IGNITE (Influence, Guide, Network for Intercollegiate Tobacco Education) focuses on a variety of topics relating to tobacco control including promoting cessation among tobacco users by providing support and resources to those who want to quit, raising awareness about the risks of tobacco use and potential consequences of nicotine addiction, and doing research or education projects supporting policies and advocacy efforts on campus or in the community. IGNITE works with colleges in Maricopa County, Arizona and our mission is carried out by student volunteers.

Tobacco is the #1 preventable cause of death in the United States killing hundreds of thousands of individuals every year and thousands more suffer ill effects from inhaling smoke or using other types of tobacco products. Many young adults at colleges and universities in Arizona and throughout the country are addicted to tobacco and wish to quit or are faced with situations where they must choose whether or not they want to use tobacco products. Additionally, most college students are exposed to secondhand smoke (a class A carcinogen) as they walk around campus.

Fight to Breathe Right – That’s the mantra of the IGNITE program. Whether you’re an advocate for wellness, believe in the right to smoke free air, or a tobacco user who wants to overcome the addiction and breathe easier, IGNITE has the resources to assist you and can provide a place for your voice to be heard.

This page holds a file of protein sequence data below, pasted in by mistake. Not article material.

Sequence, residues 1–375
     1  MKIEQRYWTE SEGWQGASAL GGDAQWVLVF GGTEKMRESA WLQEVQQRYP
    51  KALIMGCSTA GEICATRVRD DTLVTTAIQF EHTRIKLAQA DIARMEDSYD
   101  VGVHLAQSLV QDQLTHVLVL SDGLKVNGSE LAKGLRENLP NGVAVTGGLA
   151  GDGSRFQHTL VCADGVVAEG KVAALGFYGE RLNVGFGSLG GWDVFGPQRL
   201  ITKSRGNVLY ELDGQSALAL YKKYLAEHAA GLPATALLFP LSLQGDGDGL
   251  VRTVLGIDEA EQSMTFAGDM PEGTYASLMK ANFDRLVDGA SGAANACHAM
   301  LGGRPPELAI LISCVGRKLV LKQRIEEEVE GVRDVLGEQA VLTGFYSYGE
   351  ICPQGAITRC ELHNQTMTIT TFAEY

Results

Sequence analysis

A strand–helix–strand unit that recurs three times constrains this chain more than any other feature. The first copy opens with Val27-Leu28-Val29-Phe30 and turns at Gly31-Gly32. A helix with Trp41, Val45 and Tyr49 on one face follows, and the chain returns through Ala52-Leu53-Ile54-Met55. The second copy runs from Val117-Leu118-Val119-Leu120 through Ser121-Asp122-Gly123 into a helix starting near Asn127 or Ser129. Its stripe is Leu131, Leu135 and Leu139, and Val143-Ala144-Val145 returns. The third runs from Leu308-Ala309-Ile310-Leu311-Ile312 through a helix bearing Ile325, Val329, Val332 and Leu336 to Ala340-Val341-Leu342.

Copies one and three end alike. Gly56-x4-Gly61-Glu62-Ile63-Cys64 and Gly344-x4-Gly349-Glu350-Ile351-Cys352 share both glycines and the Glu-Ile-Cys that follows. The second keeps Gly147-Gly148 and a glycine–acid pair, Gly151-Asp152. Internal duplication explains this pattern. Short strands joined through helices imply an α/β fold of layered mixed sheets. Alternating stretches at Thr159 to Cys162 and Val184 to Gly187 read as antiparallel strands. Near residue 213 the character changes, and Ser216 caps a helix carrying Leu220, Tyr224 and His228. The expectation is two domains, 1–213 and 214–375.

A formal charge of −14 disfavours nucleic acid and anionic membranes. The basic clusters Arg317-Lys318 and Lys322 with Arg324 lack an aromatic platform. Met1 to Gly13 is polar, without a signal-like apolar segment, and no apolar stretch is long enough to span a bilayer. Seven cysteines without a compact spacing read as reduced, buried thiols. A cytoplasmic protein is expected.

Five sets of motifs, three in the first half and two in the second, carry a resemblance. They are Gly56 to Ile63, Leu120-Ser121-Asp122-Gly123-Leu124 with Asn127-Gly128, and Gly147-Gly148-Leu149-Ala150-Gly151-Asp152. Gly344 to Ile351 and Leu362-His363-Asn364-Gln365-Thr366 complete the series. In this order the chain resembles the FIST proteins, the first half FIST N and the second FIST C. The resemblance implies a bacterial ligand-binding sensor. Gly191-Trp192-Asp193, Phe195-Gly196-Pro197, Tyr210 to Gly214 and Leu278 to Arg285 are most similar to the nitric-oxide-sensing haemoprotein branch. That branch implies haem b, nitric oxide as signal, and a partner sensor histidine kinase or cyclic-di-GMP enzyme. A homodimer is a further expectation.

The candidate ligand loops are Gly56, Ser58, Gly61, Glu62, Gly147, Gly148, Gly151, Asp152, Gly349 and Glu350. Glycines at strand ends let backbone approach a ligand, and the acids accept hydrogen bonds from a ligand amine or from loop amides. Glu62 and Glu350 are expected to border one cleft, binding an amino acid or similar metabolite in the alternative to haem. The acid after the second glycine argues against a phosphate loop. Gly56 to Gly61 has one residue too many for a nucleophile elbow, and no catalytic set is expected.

Mission: Reduce the prevalence of tobacco use among college age young adults in Maricopa County.

Vision: Develop a tobacco-free culture at Maricopa County’s secondary education institutions.

Contact IGNITE

email:  FightToBreatheRight@gmail.com


Want to learn more about ASU’s tobacco-free campus policy?? Click here

  1. Kathryn Palo says:

    I wear your Fight to Breathe Right.org bracelet. Our daughter attended GCC and bought it there. She’s 21 and had asthma as an infant through childhood and understands how every breath is important.
    Your IGNITE mission hits close to home for our family as we lost my mother and father to the end consequences of smoking for 32 years. Mom had asthma, then developed COPD, and a smoking specific lung cancer plagued her for 3 months before her death. My father developed pulmonary hypertension from smoking causing his kidneys to fail which developed into End Stage Renal Disease and ultimately his death. Our family watch both diseases, due to smoking, cause deliberate deterioration as Mom and Dad suffered to their deaths.
    As their caretaker and daughter, I applaud your efforts to get the word and knowledge out to our college students. Afterall, my parents took up smoking in college and Mom died 44 years later, and Dad, 55 years later.
    Kudos to all of you!
    (Yes, my daughter and I are non-smokers 😉

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